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Hoffmann, R. A wiki for the life sciences where authorship matters. Nature Genetics (2008)

Evaluation of patient-specific computer-generated drug information monographs.

A computerized Medication Awareness Reporting System (MARS) generated by a Sperry PC microcomputer with an Epson FX-80+ printer was evaluated on four adult units (163 beds) of a 353-bed community hospital. MARS is a drug database containing clinical information monographs on 200 commonly prescribed medications. Information provided through the MARS system includes mechanism of action, dosage and administration guidelines, adverse effects and contraindications. In addition, pharmacists can add written information to each MARS report. Patient-specific MARS reports were generated on all patients admitted to the four units during the 16-week study period. Copies of the reports were placed into each patient's chart and into the patient's medication Kardex. Reports were updated daily by pharmacists who provide decentralized service to the units. Physicians, pharmacists, and nurses who encountered the MARS reports were surveyed at the end of the 16-week period. The results indicated that nurses used MARS more than physicians or pharmacists. The groups that valued the MARS reports as a source of drug information the least were the pharmacists and the physicians. MARS, or a drug information system similar to MARS, can be provided with relatively little cost for equipment and materials. However, the use of MARS as described in this study may be limited due to the time required to provide this service. More efficient methods of delivering MARS may enhance its use in the hospital setting. Currently, MARS may be more appropriate for use in long-term care facilities and home health agencies.[1]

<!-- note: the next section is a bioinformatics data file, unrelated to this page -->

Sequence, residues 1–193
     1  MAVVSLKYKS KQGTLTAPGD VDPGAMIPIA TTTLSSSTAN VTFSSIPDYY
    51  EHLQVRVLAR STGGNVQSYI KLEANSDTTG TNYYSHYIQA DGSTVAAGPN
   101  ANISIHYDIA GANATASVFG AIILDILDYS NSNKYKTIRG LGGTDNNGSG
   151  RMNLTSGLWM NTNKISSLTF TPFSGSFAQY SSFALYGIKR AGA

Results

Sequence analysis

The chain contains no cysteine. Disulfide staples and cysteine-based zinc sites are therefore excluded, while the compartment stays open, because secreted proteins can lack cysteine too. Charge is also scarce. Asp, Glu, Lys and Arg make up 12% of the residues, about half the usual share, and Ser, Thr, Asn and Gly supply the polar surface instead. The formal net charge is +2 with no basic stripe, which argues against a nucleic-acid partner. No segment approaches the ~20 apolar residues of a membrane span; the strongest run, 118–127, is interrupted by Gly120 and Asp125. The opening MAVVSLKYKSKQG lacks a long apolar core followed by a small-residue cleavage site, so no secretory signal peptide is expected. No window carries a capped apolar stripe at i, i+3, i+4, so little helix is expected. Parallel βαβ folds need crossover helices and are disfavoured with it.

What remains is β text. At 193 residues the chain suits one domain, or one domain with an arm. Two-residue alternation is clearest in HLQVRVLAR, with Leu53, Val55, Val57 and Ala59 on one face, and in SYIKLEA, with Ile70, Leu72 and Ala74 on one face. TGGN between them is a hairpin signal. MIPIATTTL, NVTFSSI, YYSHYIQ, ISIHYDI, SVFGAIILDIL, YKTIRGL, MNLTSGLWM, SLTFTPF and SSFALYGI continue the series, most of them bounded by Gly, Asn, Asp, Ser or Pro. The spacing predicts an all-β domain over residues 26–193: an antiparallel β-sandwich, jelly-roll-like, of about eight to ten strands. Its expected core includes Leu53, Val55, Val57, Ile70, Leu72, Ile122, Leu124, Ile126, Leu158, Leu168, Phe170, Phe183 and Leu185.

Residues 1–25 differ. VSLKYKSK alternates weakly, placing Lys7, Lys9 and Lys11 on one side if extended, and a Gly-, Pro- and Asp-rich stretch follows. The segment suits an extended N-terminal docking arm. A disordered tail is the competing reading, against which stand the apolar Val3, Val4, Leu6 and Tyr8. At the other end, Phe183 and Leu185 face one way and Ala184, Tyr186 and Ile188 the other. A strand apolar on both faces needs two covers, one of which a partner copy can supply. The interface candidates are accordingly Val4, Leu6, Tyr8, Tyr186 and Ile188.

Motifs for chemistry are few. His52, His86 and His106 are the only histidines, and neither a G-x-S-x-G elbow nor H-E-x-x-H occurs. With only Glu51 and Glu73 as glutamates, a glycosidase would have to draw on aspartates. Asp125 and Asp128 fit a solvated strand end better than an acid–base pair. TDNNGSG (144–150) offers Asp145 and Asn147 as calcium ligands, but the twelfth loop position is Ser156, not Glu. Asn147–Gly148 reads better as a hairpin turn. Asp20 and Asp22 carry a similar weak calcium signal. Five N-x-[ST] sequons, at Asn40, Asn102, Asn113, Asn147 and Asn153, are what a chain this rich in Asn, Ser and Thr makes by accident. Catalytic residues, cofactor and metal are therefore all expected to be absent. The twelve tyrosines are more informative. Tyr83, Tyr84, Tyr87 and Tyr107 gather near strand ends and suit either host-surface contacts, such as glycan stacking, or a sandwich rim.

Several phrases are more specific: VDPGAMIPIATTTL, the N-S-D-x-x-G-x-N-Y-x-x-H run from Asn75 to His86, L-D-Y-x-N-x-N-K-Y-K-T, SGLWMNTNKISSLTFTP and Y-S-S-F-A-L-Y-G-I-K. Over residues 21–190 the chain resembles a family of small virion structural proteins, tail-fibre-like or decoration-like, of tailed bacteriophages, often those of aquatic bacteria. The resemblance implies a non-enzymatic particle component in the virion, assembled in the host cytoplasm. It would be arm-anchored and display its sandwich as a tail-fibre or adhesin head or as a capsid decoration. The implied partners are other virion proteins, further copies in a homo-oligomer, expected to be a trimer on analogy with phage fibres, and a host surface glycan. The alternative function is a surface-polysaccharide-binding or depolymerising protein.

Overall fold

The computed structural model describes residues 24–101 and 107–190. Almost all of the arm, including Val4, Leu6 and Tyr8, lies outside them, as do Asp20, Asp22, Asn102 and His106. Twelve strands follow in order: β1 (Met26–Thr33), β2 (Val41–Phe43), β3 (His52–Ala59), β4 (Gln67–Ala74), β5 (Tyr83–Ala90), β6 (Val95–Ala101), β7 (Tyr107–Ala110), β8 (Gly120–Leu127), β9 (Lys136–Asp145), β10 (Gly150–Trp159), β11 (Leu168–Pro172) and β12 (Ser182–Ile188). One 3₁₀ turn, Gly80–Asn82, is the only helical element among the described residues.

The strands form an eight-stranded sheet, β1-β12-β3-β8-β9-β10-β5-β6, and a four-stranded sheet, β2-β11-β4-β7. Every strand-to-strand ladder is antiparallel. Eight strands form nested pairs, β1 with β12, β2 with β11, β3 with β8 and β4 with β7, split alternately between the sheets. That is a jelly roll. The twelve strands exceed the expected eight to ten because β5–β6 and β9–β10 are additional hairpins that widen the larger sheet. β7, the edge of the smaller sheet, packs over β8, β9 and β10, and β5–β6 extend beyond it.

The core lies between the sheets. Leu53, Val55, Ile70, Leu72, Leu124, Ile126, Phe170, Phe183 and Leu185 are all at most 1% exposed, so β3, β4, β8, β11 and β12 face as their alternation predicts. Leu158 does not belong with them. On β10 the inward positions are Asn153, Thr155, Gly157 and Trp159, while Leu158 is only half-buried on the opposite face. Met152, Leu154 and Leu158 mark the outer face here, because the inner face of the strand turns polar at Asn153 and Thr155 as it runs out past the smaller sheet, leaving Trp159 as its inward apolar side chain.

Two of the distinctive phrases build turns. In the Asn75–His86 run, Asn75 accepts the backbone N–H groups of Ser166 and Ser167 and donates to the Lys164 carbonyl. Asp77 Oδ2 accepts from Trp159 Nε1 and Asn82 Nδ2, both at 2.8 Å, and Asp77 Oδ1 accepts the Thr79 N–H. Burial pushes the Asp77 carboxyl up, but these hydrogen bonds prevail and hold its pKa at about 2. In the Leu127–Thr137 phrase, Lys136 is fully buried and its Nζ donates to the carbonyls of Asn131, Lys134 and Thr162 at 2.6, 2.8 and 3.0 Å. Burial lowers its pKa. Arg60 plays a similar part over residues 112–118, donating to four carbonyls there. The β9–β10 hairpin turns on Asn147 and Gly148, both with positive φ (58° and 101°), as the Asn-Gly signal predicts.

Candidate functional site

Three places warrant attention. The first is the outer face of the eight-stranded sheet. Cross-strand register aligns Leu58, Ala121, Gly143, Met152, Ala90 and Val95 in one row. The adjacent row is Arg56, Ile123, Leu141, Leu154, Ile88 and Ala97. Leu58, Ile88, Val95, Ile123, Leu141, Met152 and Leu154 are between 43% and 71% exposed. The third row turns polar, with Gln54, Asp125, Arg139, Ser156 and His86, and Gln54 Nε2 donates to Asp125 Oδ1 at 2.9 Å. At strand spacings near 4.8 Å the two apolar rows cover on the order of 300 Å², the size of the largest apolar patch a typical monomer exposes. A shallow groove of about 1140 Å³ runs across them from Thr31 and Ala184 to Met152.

1. Evaluation of patient-specific computer-generated drug information monographs. Groh, H.L., Peters, L.L., Young, W.W. Hospital pharmacy. (1987) [Pubmed]
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